It is important to respect the opposition but also to feel that you have an edge dropping off the cliffs and we could see black gusts on the water but we were becalmed. Meanwhile, ‘Magnum’ had gone offshore and into pressure, overtaking us, and the slower boats came around the corner at the Needles, saw that we were becalmed and headed for the wind under the cliffs. Everyone was overtaking us but we just couldn’t get to the breeze just 50 metres to windward of us, we eventually got to it and got moving. At that point, we decided to write ‘Magnum’ off, we couldn’t do anything about them but we could try to do the best we could

see ‘Magnum’, which meant that they must have been behind us. ‘Magnum’ had run out of wind offshore and weren’t able to come back inshore. It was a decisive moment in the regatta: although we had a rubbish result, our teammates were right with us, having a great race. And although we had another wind shutdown at Bembridge, our overall result as a team virtually sealed the overall win. As a team we only had three wins in 24 starts but winning regattas is all about consistency and keeping the decent results rolling in. I reckoned that if we had been in the top eight every race you would win overall and that proved to be the case but that needed the whole team doing that. A classic example of the whole team working together was the offshore race: ‘Keronimo’ finished mid-fleet, ‘Dignity’ had a bad result, however ‘CNBC’ scored a bullet. The end result was a mid-table result for the team. This is the second time I have won the event as part of Jonathan Goring’s team and I have to say Jonathan did a remarkable job of putting together a really good crew. Every one of them contributed to the results, not just the two professional sailors on board. Jonathan is an excellent motivator and you need that. It is important to respect the opposition but also to feel that you have an edge and he is very good at instilling that in the team.


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Swan 80S

New boats Boat show round-up and beyond... Hartley 10 and 12

Hartley’s new Phil Morrison designed rotomoulded dinghies were conceived to combine fun afloat with safety and comfort. As a result they are sure to find favour with beginners, children, training centres and beach club holiday operators. Two sizes of high-stability self-draining hulls are offered, each with a choice of rigs aimed to cater from novice sailors to those with more expertise. The sealed masts are of a sufficiently large section to provide enough buoyancy to prevent the boat inverting under normal circumstances. Integral righting lines help recovery in the event of capsize. The 12ft version can be configured for sailing singlehanded or with a crew, while a more powerful 12.2 model adds a retractable bowsprit and 7sq m asymmetric spinnaker. www.hartleyboats.com

SEEN AT THE 2012 SOUTHAMPTON BOAT SHOW

Hartley 12 Length 3.7m Beam 1.55m Weight 62kg Mainsail 7.1 or 7.5 sq m Jib 2sq m

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PHOTOS: RUPERT HOLMES*

Hartley 10 Length 2.94m Beam 1.28m Weight 45kg Sail area 3.7 or 5.1sq m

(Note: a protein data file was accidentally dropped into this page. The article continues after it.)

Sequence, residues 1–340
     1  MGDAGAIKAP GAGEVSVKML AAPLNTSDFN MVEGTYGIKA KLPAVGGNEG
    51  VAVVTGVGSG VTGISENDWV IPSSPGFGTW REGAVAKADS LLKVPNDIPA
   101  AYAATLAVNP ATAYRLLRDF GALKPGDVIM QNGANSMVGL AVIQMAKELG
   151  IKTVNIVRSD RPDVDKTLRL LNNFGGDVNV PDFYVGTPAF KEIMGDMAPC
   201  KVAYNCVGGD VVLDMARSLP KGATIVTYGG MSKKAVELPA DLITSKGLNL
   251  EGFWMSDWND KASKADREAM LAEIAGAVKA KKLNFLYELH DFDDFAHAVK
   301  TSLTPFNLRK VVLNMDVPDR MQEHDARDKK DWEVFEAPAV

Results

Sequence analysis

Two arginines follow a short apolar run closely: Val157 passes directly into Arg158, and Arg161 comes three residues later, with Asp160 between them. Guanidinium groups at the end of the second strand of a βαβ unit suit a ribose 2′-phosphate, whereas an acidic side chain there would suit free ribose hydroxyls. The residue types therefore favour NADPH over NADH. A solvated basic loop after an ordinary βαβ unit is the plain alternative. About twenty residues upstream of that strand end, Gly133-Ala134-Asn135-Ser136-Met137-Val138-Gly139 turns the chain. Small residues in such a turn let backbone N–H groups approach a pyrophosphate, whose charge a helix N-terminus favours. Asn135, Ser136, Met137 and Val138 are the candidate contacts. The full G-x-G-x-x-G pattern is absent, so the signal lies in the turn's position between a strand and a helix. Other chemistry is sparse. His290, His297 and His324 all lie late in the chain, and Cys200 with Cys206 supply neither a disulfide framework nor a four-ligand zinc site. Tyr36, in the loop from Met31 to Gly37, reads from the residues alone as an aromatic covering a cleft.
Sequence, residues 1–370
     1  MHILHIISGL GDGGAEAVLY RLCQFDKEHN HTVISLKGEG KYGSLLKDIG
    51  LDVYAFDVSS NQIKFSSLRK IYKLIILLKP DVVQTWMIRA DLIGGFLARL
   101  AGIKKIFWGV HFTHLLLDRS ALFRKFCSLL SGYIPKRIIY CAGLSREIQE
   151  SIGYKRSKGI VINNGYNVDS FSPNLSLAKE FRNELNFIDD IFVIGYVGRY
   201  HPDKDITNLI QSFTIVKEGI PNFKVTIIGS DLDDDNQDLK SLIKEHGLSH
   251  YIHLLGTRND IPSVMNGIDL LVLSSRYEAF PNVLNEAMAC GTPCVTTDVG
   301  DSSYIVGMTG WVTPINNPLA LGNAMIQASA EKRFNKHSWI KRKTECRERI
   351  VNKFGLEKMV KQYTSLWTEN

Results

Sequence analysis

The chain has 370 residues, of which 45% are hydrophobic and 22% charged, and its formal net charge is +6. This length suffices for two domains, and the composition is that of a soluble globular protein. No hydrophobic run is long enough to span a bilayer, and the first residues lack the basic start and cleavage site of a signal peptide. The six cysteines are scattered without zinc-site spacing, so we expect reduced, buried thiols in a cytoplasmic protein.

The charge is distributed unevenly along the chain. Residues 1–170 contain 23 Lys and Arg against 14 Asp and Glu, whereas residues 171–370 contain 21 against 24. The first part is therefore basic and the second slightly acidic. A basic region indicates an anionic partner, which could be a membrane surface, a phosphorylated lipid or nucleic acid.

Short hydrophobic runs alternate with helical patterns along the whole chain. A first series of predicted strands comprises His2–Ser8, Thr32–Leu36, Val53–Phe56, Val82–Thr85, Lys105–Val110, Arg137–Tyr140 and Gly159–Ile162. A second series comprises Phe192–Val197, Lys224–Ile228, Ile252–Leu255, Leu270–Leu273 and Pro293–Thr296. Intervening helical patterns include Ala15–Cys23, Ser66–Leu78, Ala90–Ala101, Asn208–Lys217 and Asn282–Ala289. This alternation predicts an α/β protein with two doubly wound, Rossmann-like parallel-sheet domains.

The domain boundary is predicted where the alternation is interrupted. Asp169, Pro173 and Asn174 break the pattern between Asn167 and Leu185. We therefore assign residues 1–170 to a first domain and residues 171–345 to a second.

The latest model from the iconic Finnish yard is a fast Maxi cruiser. The performance oriented hull has a near plumb bow and fine entry opening out to a modest beam that’s carried well aft, with a broad flat section towards the stern, large balanced rudder and a T bulb keel. A clean deck layout contributes to minimalist on-deck styling, aided by a sleek deck saloon and a Park Avenue boom. Below decks there are five cabins, including sumptuous owner’s accommodation and a crew cabin. The first boat was launched at the end of May and competed in the biannual Rolex Swan Cup in Porto Cervo, Sardinia in mid-September. LOA LWL Beam Draught Displacement Ballast Mainsail Jib (108%)

25.08m 22.19 m 6.08m 4m 36,200kg 14,200kg 188.3sq m 162sq m


SEEN AT THE 2012 SOUTHAMPTON BOAT SHOW

Arbour 26

PHOTOS: RUPERT HOLMES*

This could be the boat for those who have seen The Boat Project, the 30ft Sportsboat built for the London 2012 Cultural Olympiad, and would like a similar vessel for themselves. The Arbor 26 is built by the same team, working with designer Simon Rogers to build a modern wooden yacht centred around the passion for sailing and owning an exceptional craft. The design has been tweaked to make the new boat a little shorter and deeper, with

Dragonfly 32

This new trimaran, conceived as a proportionately lighter and more agile boat than Dragonfly’s 35ft model, had its world premiere at Southampton. It’s not designed to be trailerable, which means more beam and SEEN therefore more accommodation space than AT THE 2012 many trimarans of a similar length – it’s a SOUTHAMPTON fast boat, but has creature comforts that will BOAT SHOW appeal to many monohull buyers. Each boat is built to the customer’s individual specification, with the show model having a carbon wheel and an inboard diesel engine, although tiller steering and outboard power is also possible. Two carbon rigs are offered, one at 14.5m and one 16.5, the latter providing plenty of power, even in light airs. www.trimarans.com

LOA 8.23m Beam 2.55m Draught 1.8m (fixed or lifting keel) Displacement 1,800kg Ballast 550kg

9.8m (sailing) 12.3m 8.1m (sailing) 3.7m (folded) 3,100kg (basic boat) 44/55sq m 27/30sq m 47/55sq m 80/100sq m

PHOTO: RUPERT HOLMES*

LOA Length folded Beam Beam Weight Mainsail Genoa Light airs genoa Asymmetric spinnaker

space for four berths, heads, small galley, fridge and inboard diesel engine. The big cockpit remains, giving space for six people to race the boat or enjoy a fast day sail, although the 9/10th carbon rig has been slightly detuned to make it easier for smaller crews to handle. www.aboryachts.co.uk